Hermit thrush

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For other uses, see Hermit Thrush (disambiguation).
Hermit thrush
Hermit thrush qmnonic.jpg
Conservation status
Scientific classification
Kingdom: Animalia
Phylum: Chordata
Class: Aves
Order: Passeriformes
Family: Turdidae
Genus: Catharus
Species: C. guttatus
Binomial name
Catharus guttatus
(Pallas, 1811)
Synonyms

Hylocichla guttata

The hermit thrush (Catharus guttatus) is a medium-sized North American thrush. It is not very closely related to the other North American migrant species of Catharus, but rather to the Mexican russet nightingale-thrush.[2]

Description[edit]

This species measures 15 to 18 cm (5.9 to 7.1 in) in length, spans 25 to 30 cm (9.8 to 11.8 in) across the wings and weighs 18 to 37 g (0.63 to 1.31 oz). Among standard measurements, the wing chord is 7.8 to 11.1 cm (3.1 to 4.4 in), the bill is 1.6 to 1.9 cm (0.63 to 0.75 in) and the tarsus is 2.7 to 3.3 cm (1.1 to 1.3 in). It is more compact and stockier than other North American Catharus thrushes, with relatively longer wings.[3] The hermit thrush has the white-dark-white underwing pattern characteristic of Catharus thrushes. Adults are mainly brown on the upperparts, with reddish tails. The underparts are white with dark spots on the breast and grey or brownish flanks. They have pink legs and a white eye ring. Birds in the east are more olive-brown on the upperparts; western birds are more grey-brown.

Behaviour[edit]

Taken in southern Ontario during winter

Their breeding habitat is coniferous or mixed woods across Canada, Alaska, and the northeastern and western United States. They make a cup nest on the ground or relatively low in a tree.

Hermit thrushes migrate to wintering grounds in the southern United States and south to Central America but some remain in northern coastal US states and southern Ontario.[4] Although they usually only breed in forests, hermit thrushes will sometimes winter in parks and wooded suburban neighbourhoods. They are very rare vagrants to western Europe. It has also occurred as a vagrant in northeast Asia.[5]

They forage on the forest floor, also in trees or shrubs, mainly eating insects and berries.

Song[edit]

The hermit thrush's song[6] has been described as "the finest sound in nature"[7] and is ethereal and flute-like, consisting of a beginning note, then several descending musical phrases in a minor key, repeated at different pitches. It often sings from a high open location. Analysis of the notes of its song indicates that they are related by harmonic simple integer pitch ratios, like most human music and unlike the songs of other birds that have been similarly examined.[7][8]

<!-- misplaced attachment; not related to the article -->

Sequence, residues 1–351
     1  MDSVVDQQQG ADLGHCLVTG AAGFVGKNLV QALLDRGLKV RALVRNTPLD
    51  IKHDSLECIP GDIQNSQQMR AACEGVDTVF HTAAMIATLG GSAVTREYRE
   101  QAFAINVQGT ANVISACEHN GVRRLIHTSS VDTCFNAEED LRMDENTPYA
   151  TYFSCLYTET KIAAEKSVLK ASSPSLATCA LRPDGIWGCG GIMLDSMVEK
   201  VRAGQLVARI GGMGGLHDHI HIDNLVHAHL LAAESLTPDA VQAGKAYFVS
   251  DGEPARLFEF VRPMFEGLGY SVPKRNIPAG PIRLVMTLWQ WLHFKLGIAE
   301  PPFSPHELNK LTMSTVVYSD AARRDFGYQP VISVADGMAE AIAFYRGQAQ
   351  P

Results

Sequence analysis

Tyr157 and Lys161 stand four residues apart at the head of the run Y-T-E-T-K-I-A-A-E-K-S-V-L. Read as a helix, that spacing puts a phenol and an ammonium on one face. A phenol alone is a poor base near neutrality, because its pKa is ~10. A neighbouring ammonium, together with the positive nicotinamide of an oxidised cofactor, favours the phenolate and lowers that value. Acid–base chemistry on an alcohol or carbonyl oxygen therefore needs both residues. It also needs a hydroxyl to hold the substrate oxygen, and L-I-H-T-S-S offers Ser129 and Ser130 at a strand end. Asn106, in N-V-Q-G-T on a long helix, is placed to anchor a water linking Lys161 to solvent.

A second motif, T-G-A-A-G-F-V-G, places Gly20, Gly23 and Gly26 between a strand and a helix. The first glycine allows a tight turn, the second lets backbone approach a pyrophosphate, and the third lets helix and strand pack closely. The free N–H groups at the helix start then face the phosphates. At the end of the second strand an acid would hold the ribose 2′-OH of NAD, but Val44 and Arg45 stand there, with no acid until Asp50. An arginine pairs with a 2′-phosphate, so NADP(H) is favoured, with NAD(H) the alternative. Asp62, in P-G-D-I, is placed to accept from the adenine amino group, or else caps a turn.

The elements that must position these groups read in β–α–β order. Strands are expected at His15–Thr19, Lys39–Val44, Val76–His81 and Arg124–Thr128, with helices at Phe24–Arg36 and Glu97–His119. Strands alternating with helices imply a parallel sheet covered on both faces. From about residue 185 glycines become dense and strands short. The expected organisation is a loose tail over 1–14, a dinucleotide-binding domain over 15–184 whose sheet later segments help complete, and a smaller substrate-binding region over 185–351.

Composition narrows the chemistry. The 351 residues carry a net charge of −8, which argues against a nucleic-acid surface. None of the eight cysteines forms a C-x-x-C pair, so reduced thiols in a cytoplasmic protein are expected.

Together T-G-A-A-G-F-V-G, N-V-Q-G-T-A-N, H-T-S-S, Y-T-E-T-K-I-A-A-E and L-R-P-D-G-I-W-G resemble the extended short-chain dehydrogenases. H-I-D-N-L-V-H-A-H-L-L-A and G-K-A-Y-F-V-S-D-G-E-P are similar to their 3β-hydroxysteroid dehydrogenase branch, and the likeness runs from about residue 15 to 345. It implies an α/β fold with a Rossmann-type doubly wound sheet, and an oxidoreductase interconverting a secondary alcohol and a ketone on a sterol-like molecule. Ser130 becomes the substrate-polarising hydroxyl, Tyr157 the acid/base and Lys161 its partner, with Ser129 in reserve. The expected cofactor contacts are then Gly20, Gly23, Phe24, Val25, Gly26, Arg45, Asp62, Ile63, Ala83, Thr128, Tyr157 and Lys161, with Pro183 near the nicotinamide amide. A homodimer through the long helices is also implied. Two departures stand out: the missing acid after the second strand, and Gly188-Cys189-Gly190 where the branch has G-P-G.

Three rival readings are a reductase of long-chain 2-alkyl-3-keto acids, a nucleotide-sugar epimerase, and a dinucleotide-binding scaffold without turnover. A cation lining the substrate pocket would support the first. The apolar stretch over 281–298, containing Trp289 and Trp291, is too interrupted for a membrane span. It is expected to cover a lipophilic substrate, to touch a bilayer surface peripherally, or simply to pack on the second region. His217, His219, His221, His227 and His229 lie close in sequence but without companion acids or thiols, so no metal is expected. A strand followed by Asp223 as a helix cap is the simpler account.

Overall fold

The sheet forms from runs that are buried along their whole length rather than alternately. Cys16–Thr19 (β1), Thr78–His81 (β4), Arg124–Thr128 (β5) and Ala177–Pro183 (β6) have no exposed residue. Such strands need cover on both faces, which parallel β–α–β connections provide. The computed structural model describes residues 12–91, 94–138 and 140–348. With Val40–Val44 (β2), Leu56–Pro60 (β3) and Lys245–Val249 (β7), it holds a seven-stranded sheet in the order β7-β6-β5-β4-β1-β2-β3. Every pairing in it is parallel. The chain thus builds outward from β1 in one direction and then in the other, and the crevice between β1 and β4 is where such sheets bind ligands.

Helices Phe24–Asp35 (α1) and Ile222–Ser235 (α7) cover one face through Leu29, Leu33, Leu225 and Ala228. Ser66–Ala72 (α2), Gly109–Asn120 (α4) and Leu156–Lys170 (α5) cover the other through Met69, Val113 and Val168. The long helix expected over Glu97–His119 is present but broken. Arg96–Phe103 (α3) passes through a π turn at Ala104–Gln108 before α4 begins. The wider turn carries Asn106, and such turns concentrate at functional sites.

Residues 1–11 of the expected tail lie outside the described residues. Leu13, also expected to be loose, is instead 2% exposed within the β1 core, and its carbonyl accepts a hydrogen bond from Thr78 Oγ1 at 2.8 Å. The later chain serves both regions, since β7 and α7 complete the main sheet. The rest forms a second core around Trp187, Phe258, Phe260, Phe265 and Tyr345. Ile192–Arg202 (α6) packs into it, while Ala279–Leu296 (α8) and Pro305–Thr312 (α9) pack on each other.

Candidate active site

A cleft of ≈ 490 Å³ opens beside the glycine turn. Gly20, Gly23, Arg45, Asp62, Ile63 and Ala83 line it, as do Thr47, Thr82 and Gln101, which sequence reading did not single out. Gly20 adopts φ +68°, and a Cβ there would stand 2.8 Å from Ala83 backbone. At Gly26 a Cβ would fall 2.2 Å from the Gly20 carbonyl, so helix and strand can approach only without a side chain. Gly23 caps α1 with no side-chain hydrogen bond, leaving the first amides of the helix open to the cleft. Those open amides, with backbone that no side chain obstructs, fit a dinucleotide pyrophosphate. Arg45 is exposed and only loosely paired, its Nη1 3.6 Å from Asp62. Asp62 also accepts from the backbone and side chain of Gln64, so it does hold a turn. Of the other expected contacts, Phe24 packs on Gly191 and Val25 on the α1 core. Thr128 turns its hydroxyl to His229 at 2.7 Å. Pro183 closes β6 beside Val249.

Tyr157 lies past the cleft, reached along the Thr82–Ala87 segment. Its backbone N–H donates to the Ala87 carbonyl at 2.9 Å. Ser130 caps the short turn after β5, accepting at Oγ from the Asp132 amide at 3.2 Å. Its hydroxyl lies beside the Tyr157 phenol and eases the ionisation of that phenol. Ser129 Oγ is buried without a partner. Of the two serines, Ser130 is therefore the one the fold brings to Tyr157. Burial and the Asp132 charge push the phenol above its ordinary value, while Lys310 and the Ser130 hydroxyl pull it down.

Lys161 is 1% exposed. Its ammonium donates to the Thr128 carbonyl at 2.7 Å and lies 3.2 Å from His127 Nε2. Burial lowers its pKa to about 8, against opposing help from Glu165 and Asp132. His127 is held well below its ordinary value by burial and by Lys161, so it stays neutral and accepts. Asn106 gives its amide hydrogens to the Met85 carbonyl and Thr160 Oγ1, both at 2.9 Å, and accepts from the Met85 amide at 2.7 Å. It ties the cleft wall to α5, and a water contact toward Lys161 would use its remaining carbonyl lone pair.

In culture[edit]

Ocala National Forest, Florida 2008

The hermit thrush is the state bird of Vermont.

Walt Whitman construes the hermit thrush as a symbol of the American voice, poetic and otherwise, in his elegy for Abraham Lincoln, "When Lilacs Last in the Dooryard Bloom'd,"[9] one of the fundamental texts in the American literary canon. "A Hermit Thrush"[10] is the name of a poem by the American poet Amy Clampitt. A hermit thrush appears in the fifth section ("What the Thunder Said") of the T. S. Eliot poem The Waste Land.

Former Canadian indie-rock band Thrush Hermit took their name from a reversal of the bird's name. It is also shared by the American bands Hermit Thrushes and Hermit Thrush.

The song of the hermit thrush is audible in the "Garden" stage of Super Mario Galaxy for the Nintendo Wii.

A slightly altered song of the hermit thrush was used for the Mockingjay's song in the early scenes of the film The Hunger Games. The hermit thrush's song, as well as the house wren and mourning warbler are all very common in modern-day media.

The character Raymond Tusk identifies the song the hermit thrush when protagonist Frank Underwood meets with him in St. Louis, in the 12th episode of the first season (titled "Chapter 12") of the Netflix television series House of Cards.

References[edit]

  1. ^ BirdLife International (2012). "Catharus guttatus". IUCN Red List of Threatened Species. Version 2013.2. International Union for Conservation of Nature. Retrieved 26 November 2013. 
  2. ^ Winker & Pruett, 2006
  3. ^ Thrushes by Peter Clement. Princeton University Press (2001). ISBN 978-0691088525
  4. ^ Hermit Thrush, All about Birds
  5. ^ Brazil, Mark (2009) Birds of East Asia ISBN 978-0-7136-7040-0 page 402
  6. ^ "Hermit Thrush Song" (WAV). Archived from the original on 2007-10-31. Retrieved 2008-07-26.  (Through The Internet Archive)
  7. ^ a b Brahic, C. (2014-11-04). "Thrush's song fits human musical scales". New Scientist. Archived from the original on 2014-11-04. Retrieved 2014-11-04. 
  8. ^ Doolittle, E.L.; Gingras, B.; Endres, D.M.; Fitch, W.T. (2014-11-03). "Overtone-based pitch selection in hermit thrush song: Unexpected convergence with scale construction in human music". Proceedings of the National Academy of Sciences 111. doi:10.1073/pnas.1406023111.  edit
  9. ^ Whitman, Walt. "When Lilacs Last in the Door-yard Bloom’d". Bartleby. Retrieved 2008-07-26. 
  10. ^ Clampitt, Amy. "A Hermit Thrush". The Academy of American Poets. Retrieved 2008-07-26. 

Works cited[edit]

  • Winker, Kevin & Pruett, Christin L. (2006): Seasonal migration, speciation, and morphological convergence in the avian genus Catharus (Turdidae). Auk 123(4): 1052-1068. [Article in English with Spanish abstract] DOI: 10.1642/0004-8038(2006)123[1052:SMSAMC]2.0.CO;2 PDF fulltext
  • Farrand, John & Bull, John, The Audubon Society Field Guide to North American Birds, Eastern Region, National Audubon Society (1977)

External links[edit]